I'd like to display some images while doing a numpy computation:

import numpy as np
import matplotlib.pyplot as plt
plt.ion()  # Turn the interactive mode on.
for i in range(100):
    A = np.random.randn(10,10)
    # do some other numpy computations here (they take < 1 ms)

Instead of displaying the images quickly, it is rather slow.

I'm not asking for 100 frames per second, but I thought 30 fps would be possible, but it's not: after a few iterations, I'm close to 2 fps on my standard i5 laptop (Windows 7 x64).

How to have a faster imshow refresh rate?


  • I've already tried the main answer from Fast Live Plotting in Matplotlib / PyPlot, but here it seems a complex method (using blit parameter) for such a simple task and also I don't get 28 fps but only 15 fps.

  • I only want to display the matrix as image: no border, no axes, no subplot, etc., I imagine this could be done faster than the solution Fast Live Plotting in Matplotlib / PyPlot, maybe not with matplotlib but another library?

enter image description here


2 Answers 2


This is because you create a new image in each iteration, eventually leading to 100 images in your figure.

The recommended way to create an animation would be to use FuncAnimation and to only change the image's data, instead of plotting a new image all the time.

import numpy as np
import matplotlib.pyplot as plt
from matplotlib.animation import FuncAnimation

im = plt.imshow(np.random.randn(10,10))

def update(i):
    A = np.random.randn(10,10)
    return im, text

ani = FuncAnimation(plt.gcf(), update, frames=range(100), interval=5, blit=False)


Even though the interval is set to 5 ms, the above code runs at 50 fps on my computer. It will not go faster than it can. You may now use blitting, i.e. blit=True, in which case I see 100 fps. This is the limit of what matplotlib can achieve, but it will of course vary depending on the computer power.

Note however, that the human brain is not capable of resolving 100 fps. One says, 25 is the usual framerate, such that most movies use such framerate as well. So there shouldn't even be the need to use blitting here, as 50 fps is larger than what you are able to perceive.

If for any reason you want to go faster with your animation, you need to use other libraries than matplotlib.

See e.g.

One sentence in the edited question says that there should be no border. This is accomplished by making the figure size obey the aspect of the image (square image -> square figure) and setting all margins to zero


A comment below the answer insists on using a for-loop. That would look like

im = plt.imshow(np.random.randn(10,10))

for i in range(100):
    A = np.random.randn(10,10)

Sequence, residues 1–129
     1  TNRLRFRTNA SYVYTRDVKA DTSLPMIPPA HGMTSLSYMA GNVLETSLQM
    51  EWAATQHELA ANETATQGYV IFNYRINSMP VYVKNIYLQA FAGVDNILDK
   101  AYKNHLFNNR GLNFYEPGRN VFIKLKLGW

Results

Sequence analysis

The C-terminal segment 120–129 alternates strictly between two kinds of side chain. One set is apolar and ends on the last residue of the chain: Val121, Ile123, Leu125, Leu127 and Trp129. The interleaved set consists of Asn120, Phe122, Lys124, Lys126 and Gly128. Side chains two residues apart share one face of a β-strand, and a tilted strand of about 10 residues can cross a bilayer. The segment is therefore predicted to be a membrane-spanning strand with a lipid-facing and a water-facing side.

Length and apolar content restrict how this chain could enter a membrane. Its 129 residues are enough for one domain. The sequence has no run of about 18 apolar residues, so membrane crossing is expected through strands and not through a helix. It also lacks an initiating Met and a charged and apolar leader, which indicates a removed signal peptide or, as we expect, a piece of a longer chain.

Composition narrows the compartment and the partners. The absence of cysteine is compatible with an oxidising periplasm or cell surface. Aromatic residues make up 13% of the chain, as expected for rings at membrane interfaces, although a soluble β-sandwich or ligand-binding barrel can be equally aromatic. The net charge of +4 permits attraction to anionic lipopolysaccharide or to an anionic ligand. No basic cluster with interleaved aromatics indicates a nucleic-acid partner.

It's will be a bit slower than using FuncAnimation, because the animation happens outside the GUI eventloop. Also note that implementing blitting for such case is much more work as seen in Fast Live Plotting in Matplotlib / PyPlot

  • Thanks. But I think your code "precomputes" an animation and dislays it at the end. I would like to show the images while looping and not wait until the end, before showing the animation. How to do this ?
    – Basj
    Commented Nov 15, 2018 at 17:15
  • No, if you want to precompute the animation, you can use ArtistAnimation instead of FuncAnimation. Commented Nov 15, 2018 at 17:24
  • Oh right, I see. Something else: I would prefer to do a for loop "normally" (100k iterations in my real code) like in the question and once every 100 iterations show/plot the current state of A. Having to start everything from a FuncAnimation object is a bit unconvenient for my application. Is there a way to keep a simple for loop and call the plotting from there?
    – Basj
    Commented Nov 15, 2018 at 17:30
  • You can still use a for-loop if you want to. I updated the answer. There mostly isn't any reason to do this though. Why not compute the complete data first, then create an animation with every 100th step? Commented Nov 15, 2018 at 17:44
  • @ImportanceOfBeingErnest How to keep same colorbar shown in FuncAnimation?
    – zxdawn
    Commented May 30, 2019 at 13:30

I found a much faster solution thanks to OpenCV. The following code runs in 2 seconds on my computer, i.e. able to render at 500 fps (I know the human eye isn't able to see this, but good to know that this method is super fast).

import numpy as np
import cv2

cv2.namedWindow('img', cv2.WINDOW_NORMAL)

for i in range(1000):
    A = np.random.randn(10,10)
    cv2.imshow("img", A)
    cv2.waitKey(1)  # it's needed, but no problem, it won't pause/wait
  • Works perfectly!
    – user14675723
    Commented Jun 5, 2021 at 5:48

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